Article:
Journal of Tuberculosis Research
Vol.03 No.03(2015), Article ID:59618,9 pages

Quality of Sputum Specimen Samples Submitted for Culture and Drug Susceptibility Testing at the National Tuberculosis Reference Laboratory-Uganda, July-October 2013

Lilian Bulage1,2*, Joseph Imoko1,3, Bruce J. Kirenga4, Terry Lo5, Henry Byabajungu1,2, Keneth Musisi1,2, Moses Joloba1,2, Emily Bloss5

1National Tuberculosis and Leprosy Programme, Kampala, Uganda

2National Tuberculosis Reference Laboratory, Kampala, Uganda

3World Health Organization, Kampala, Uganda

4Division of Pulmonary Medicine, Department of Medicine, Makerere University College of Health Sciences, Kampala, Uganda

5Centers for Disease Control and Prevention, Atlanta, USA

Email:,,,,,,,, *, *

Copyright © 2015 by authors and Scientific Research Publishing Inc.

This work is licensed under the Creative Commons Attribution International License (CC BY).

Received 25 July 2015; accepted 13 September 2015; published 16 September 2015


Setting: The Uganda National Tuberculosis Reference Laboratory (NTRL) in Kampala. Objective: The proportion of poor quality specimens received for drug susceptibility testing (DST) at the NTRL and factors contributing to poor specimen quality were assessed. Design: A cross-sectional study was conducted of sputum samples received at the NTRL from patients at high risk for multidrug-resistant tuberculosis (MDR TB) during July-October 2013. Demographic, clinical, and bacteriological data were abstracted from laboratory records. A poor quality sample failed to meet any one of four criteria: ≥3 milliliter (ml) volume, delivered within 72 hours, triple packaged, and non-salivary appearance. Results: Overall, 365 (64%) of 556 samples were of poor quality; 89 (16%) were not triple packaged, 44 (8%) were <3 mls, 164 (30%) were not delivered on time, and 215 (39%) were salivary in appearance. Poor quality specimens were more likely to be collected during the eighth month of TB treatment (OR = 2.5, CI = 1.2 - 5.1), from the East or Northeast zones (OR = 2.2, CI = 1.1 - 4.8), and from patients who previously defaulted from treatment (OR = 1.9, CI = 1.1 - 3.2). Conclusion: The majority of sputum samples had poor quality. Additional efforts are needed to improve quality of samples collected at the end of treatment, from East and Northeast zones, and from patients who had previously defaulted.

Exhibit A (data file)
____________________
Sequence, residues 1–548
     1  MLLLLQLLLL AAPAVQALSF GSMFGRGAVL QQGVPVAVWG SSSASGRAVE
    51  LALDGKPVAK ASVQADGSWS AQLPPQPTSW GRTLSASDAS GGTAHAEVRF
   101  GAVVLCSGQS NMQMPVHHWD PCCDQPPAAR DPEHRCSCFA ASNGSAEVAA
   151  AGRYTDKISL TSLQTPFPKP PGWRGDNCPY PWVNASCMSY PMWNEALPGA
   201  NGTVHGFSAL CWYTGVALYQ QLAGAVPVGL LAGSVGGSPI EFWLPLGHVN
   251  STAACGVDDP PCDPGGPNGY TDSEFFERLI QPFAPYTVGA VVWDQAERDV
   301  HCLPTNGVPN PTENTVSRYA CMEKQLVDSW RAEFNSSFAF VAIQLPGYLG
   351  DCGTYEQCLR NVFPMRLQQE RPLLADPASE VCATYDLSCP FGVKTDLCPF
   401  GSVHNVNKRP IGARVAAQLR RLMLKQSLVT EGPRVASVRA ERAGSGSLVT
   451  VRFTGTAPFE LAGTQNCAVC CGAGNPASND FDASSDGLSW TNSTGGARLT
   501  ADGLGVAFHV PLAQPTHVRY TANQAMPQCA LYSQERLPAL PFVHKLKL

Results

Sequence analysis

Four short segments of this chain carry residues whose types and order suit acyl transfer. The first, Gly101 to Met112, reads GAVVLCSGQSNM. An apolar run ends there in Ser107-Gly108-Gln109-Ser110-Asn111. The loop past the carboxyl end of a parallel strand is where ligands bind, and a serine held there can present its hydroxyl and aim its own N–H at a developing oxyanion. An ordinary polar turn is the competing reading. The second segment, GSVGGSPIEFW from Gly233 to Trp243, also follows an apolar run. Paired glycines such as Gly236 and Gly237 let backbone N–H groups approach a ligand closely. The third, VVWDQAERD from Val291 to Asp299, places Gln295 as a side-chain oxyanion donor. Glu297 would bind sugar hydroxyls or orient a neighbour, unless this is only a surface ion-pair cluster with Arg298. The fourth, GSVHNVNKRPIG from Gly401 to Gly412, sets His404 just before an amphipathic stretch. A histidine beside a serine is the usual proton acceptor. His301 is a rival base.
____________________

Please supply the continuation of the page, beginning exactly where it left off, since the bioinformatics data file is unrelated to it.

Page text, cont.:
Tuberculosis, Sputum Specimen Quality, Uganda

1. Introduction